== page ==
Humpback whale dodges sailboat near Golden Gate Bridge; video

Lauri Duke, who takes photos to help Golden Gate Cetacean Research identify whales and dolphins, was on the Golden Gate Bridge recording video Saturday when she noticed a humpback whale and a sailboat on a collision course.

Duke had heard reports that several whales were near the south tower of the bridge, so she and her husband went to check them out.

"The incident with the sailboat happened almost as soon as my husband and I got up to the tower," Duke told SFGate. "I noticed a sailboat coming directly at [the whale], and I could not believe it was not turning away."

Instead, the humpback whale took evasive action:

The humpback whale rolled out of the way of the oncoming sailboat just in time.

"I'm very glad that it wasn't a second or two later," Duke told SFGate, adding that the whale shouldn’t have been hard to see by those on the sailboat since it spouted twice before the encounter. Duke noticed them taking photos of the whale.

After the encounter, the humpback whale disappeared from sight as the sailboat continued on.

With the influx of humpback whales in San Francisco Bay, there have been incidents between whales and humans.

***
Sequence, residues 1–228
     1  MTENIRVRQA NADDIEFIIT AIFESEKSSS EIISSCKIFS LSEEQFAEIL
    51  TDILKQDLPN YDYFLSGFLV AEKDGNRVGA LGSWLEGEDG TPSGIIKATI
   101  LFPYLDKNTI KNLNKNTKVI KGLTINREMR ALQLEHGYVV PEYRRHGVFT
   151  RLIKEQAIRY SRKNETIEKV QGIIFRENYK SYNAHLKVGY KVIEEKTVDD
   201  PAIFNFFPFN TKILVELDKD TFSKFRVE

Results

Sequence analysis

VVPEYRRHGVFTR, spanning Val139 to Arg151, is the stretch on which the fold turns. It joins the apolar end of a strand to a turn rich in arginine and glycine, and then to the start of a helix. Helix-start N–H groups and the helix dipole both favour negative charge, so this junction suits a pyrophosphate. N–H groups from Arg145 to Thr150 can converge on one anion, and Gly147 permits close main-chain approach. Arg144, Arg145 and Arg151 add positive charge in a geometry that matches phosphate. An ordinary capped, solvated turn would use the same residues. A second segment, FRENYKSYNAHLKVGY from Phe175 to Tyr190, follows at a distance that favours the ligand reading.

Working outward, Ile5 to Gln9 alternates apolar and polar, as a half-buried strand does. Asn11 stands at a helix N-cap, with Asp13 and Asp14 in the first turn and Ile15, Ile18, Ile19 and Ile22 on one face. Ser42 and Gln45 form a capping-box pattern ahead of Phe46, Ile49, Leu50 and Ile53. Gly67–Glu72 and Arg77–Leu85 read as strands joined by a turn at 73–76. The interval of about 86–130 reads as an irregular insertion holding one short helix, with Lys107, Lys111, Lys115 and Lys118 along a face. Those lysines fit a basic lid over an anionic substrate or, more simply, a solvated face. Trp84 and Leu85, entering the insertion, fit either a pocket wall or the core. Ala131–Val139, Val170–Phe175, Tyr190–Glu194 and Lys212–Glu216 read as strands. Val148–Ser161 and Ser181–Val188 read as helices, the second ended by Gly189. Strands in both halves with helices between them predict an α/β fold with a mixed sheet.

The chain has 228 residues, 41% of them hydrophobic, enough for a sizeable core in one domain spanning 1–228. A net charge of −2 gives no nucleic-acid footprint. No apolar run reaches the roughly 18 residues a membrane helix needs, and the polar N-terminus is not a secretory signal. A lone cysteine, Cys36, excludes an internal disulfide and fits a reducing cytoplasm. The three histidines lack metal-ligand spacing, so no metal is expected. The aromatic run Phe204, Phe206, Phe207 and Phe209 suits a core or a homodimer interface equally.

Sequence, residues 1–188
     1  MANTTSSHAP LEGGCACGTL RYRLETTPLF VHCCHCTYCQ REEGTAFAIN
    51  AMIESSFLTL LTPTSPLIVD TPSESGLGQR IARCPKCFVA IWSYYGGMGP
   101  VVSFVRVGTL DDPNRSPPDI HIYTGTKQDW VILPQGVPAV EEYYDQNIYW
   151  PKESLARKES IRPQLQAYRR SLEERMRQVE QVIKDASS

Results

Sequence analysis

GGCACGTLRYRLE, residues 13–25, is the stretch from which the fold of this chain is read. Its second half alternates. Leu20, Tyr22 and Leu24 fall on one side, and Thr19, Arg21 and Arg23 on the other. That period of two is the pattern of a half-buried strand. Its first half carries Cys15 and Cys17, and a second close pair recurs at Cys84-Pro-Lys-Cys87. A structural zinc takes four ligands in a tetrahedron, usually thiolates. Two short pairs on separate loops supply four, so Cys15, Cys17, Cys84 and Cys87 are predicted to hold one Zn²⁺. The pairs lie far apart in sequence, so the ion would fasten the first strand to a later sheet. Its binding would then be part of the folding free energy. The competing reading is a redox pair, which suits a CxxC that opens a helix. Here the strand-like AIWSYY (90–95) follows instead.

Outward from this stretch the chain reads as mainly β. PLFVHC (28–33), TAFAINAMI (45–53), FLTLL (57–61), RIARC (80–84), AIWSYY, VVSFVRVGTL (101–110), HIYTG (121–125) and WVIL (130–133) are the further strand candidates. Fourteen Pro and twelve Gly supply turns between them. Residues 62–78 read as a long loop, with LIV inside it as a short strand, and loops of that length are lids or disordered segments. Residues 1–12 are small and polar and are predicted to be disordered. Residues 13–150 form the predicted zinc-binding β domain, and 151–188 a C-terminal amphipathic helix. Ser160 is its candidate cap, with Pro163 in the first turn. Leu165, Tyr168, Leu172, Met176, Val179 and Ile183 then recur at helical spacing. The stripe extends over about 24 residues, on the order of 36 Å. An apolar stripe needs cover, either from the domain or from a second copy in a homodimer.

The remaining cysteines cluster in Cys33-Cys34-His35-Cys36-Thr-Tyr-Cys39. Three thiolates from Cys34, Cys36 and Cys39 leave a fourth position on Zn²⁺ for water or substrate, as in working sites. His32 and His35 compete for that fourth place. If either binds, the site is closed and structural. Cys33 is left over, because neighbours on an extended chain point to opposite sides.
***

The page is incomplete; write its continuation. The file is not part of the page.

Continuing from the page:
On June 28, a photo was taken near the Golden Gate Bridge that appears to show a boat colliding with a humpback whale. In July, a kiteboarder filmed himself accidentally hitting a humpback whale.

“It’s a wildlife spectacle so it’s always attractive to people,” Bill Keener, a marine biologist with Golden Gate Cetacean Research, told SFGate. “My advice is if you see whales concentrated in an area, give them a wide berth. If they’re feeding and they come up from the depths to lunge up, you don’t know where they’re going to come back up.”

A humpback whale rolled sideways to avoid an oncoming sailboat.

Whale-watching guidelines provided by NOAA Fisheries say to always attempt to stay 100 yards away from a whale and if you can't avoid a whale, do not move into the path of the whale, and operate the boat with a no-wake speed.

“People getting close to marine animals is not good for the animals and it’s against federal law,” NOAA spokesperson Jim Milbury told SFGate. “But more importantly, or as importantly, people can get hurt."

Read more about whale encounters on GrindTV

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